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FACSIMILE OF A MANUSCRIPT WRITTEN BY ABRAHAM

LINCOLN IN DECEMBER,

1859, GIVING A BRIEF

ACCOUNT OF HIS EARLY LIFE.

This document was written at the request of the late Mr. Jesse W. Fell, with a view to its incorporation in a memoir to be used in the political campaign of 1860.

COPYRIGHT, 1872, BY JESSE W. FELL.

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I was born heb. 12. 1809.

ew Mardin bounty, Kentucky My parents were both bon in Vinerea of endistin. quisher familier mother than tho drew and my

phaps I a play was of a

the of a fames of

pamo of Kanki, some of whow nowe renow

Adams, eno other in Macow counties, Illinois My petense grana:

father, Abraham Lincole, emagnation from Rockinglans County, Virginia, to Kentucky, about 1781 or 2, whew, a year or two later, he was

killenly inchians, not een batth, kho by stealth, when it was laboring to open fam ew the forest His enceston, who wew quakers, event to Virginia from Berks boung, Pennsylvania An effort to

of the same namo identify them with the New England family and

nothing mow definate than a similang of Christian, names wbrea families, puehran Enach Levi Montecar, Solomon, Abraham, anar the liko

My father, at the death of his father, was but pise years of agei year of age; and he

grew up, litterally without rancations. We removed from Kentucky to what is now Spenew Couny, Inai. ano, en my eight year

We reached our new home about the time the Staw camo enão the ansowa to

a wila region, with pracy been ana olhar arla anomat, stito in the wrousa

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absolutely nothing to excito ambition for secreation. Of comso when I came of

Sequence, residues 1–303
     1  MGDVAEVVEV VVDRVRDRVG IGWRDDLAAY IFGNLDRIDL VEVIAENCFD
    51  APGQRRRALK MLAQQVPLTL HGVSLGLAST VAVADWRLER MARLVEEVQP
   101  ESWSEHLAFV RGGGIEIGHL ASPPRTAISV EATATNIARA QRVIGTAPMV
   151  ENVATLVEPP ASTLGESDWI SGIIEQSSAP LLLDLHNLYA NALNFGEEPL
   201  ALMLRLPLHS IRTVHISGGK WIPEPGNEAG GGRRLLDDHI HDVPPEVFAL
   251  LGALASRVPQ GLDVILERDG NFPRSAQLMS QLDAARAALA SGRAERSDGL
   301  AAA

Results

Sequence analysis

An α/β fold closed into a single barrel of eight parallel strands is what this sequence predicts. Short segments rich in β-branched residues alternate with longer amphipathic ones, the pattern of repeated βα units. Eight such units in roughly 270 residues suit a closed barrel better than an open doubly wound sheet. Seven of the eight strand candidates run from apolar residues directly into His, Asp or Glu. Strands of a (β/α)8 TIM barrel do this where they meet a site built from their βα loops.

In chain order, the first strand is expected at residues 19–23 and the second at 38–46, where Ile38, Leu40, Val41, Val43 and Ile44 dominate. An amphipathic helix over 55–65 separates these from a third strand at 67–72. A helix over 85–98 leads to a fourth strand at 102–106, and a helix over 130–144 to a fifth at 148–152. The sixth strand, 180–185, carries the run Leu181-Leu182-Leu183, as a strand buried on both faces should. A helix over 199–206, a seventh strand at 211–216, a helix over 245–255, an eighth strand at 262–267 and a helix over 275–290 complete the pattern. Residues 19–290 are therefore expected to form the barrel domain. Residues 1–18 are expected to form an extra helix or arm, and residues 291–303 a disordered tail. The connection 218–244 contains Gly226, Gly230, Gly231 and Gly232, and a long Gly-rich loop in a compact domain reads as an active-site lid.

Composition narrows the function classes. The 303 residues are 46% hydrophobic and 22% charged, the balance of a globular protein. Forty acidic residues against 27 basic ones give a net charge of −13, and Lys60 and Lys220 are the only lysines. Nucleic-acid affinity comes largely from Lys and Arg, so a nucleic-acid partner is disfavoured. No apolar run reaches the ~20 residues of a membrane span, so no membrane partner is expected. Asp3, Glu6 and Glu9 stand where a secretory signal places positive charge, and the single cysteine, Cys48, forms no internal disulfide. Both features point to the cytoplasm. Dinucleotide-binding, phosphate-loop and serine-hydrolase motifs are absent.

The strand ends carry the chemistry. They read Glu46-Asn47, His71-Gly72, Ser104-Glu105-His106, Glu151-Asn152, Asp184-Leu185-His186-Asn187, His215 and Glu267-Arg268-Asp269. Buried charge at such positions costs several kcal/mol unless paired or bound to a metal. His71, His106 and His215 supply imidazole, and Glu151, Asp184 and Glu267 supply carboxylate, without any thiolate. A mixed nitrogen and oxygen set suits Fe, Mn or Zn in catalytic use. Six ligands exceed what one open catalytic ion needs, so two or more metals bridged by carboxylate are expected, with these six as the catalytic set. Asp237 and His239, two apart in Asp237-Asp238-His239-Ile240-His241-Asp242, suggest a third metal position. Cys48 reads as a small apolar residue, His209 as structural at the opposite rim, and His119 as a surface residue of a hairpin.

choo not know much. Stite somehow, I could rean, ersite, anar cipher to the Rue Thew, but that was all I have not been to school pincoal now hans upon this stow of ediners

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» tion, I har han ficken up from time to termo amster the pressuw of recentyI was passed to farm work, which I continence

was kwenytwom At twenty one I came to Illinois, anor pana ith funt jaar in Illimin Bancon Counts. Then I got to New Talem that

in Thenand County, whew alpes

sort of black in an show Then came the Black Hawt war, ona I was electes a

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. canpargn, was elation, san for the Legenlaten the pas geary 8852, and was beaten the only timo

( I ever havo been beaten by the peoplon

The next an chneo succeeding brennial elections, I was elecen ew to the Legislation - I was por

not a afterwaon. During the Legirliam person I had stucea lain, and removear to Spumpfirew to smaka practice it aw 184% I was onco elected to the lower Home of Congress was not a can: didat for re-slection from 1849 to 1854, boca

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inclusion, fraction from now ansiomansh Than aver before. Always

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losing interest and the repeal of the Merion Compromiso aconsea mo angana What I havo oon since then in pretty well knownIf any personal description of so is thought want desirable, iu may

I height, pix fee, four encher, reach; lean an

fast, weighing, an en overgs, one hundren anar eigtry porner; dach complexion, area coarse black hair anor grey eyesno other marks or haras pecollection How g. W. Fece.

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Washingtow. 66. Mback 2.19% Mes the undersigned hereby catify that the foregoing statement is in the hands Coriting of Abrahaur Lineren

Savstand dyrum fundull Charles schner

CHAPTER IX

FACING THE STORM

From his election to his inauguration Lincoln was compelled to watch the end of Buchanan's government proceed on a course the opposite of the one he deemed wise. His election was the signal for a secession movement throughout the South. Never before had the territory of the country been so open to slavery; but the leaders knew that an election which meant no further yielding struck also the final doom of their institution, and they were determined to found a slave empire while they could, peaceably if possible, forcibly if necessary. It was the only time in the history of the Republic that a President had been chosen by one of the two hostile sections alone. Lincoln and Douglas had divided almost the entire vote of the North, Breckenridge and Bell almost the whole of the South, and for the first time since the nation was founded the President had received no electoral vote from a slave state. In this situation the secession leaders saw that the hour had come. The mass of the slave owners

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